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Title page for ETD etd-12052007-214009

Type of Document Dissertation
Author Peng, Yun
URN etd-12052007-214009
Title Development and applications of a hetero-based statistical associating fluid theory
Degree PhD
Department Chemical Engineering
Advisory Committee
Advisor Name Title
Clare McCabe Committee Chair
Eva M. Harth Committee Member
G. Kane Jennings Committee Member
Peter T. Cummings Committee Member
Scott A. Guelcher Committee Member
  • Fluid dynamics -- Mathematical models
  • Equations of state
  • Group contribution
  • Polymers
  • SAFT
  • Phase behavior
  • Fluids
  • Thermodynamics
  • POSS
  • Molecular simulation
  • Separation (Technology)
  • Phase rule and equilibrium -- Mathematical models
Date of Defense 2007-09-04
Availability unrestricted


Dissertation under the direction of Professor Clare McCabe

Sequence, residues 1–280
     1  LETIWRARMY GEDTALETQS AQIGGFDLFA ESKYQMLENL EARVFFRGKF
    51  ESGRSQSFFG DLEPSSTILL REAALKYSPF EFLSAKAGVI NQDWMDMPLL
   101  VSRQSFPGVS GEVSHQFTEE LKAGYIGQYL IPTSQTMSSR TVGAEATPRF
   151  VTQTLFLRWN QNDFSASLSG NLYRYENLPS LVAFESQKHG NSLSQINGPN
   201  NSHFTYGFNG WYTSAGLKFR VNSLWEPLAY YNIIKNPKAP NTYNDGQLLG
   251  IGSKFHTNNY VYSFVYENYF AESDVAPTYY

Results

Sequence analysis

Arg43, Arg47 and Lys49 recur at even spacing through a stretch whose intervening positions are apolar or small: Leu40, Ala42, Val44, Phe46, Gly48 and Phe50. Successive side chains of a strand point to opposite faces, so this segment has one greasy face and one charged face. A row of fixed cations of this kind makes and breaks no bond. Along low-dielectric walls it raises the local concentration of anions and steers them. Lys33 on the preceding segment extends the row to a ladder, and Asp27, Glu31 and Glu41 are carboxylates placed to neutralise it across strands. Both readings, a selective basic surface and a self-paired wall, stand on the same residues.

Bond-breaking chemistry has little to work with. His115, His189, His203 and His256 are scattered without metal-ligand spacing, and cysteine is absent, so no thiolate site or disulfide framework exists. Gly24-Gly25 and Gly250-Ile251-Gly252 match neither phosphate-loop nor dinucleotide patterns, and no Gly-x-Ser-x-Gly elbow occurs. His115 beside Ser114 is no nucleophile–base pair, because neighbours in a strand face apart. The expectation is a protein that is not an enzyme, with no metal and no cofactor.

Understanding the thermodynamic properties of chemical processes is essential to equipment design and process operation. For complex systems experimental data are frequently not available and so tools, such as equations of state (EOS), are very useful for calculating the thermodynamic properties and phase behavior of fluid systems. Molecular-based equations of state in particular, such as the statistical associating fluid theory (SAFT), provide a framework in which the effects of molecular shape, size and interactions on the thermodynamic properties and phase behavior can be taken into account. In order to explicitly describe molecular heterogeneity (e.g., different functional groups and side chains or branches within a molecule) we have developed the hetero-SAFT-VR EOS, in which molecules are modeled as chains composed of segments of different size and/or energy of interaction. In contrast to other SAFT equations of state, which use a homonuclear model, we can now capture the nature of molecular structure in an exact rather than in an ad hoc way through the use of effective size and/or energy parameters. Based on the hetero-SAFT-VR EOS, the group contribution SAFT-VR (GC-SAFT-VR) approach has also been developed. Parameters for functional groups have been determined from regression to experimental vapor pressure and saturated liquid density data for several classes of small molecules. The fitted parameters for these functional groups have been used transferably to predict the phase behavior of pure fluids that were not included in the fitting process and their mixtures. Additionally, we have extended the GC-SAFT-VR equation to model vapor-liquid and liquid-liquid equilibria in polymer systems.

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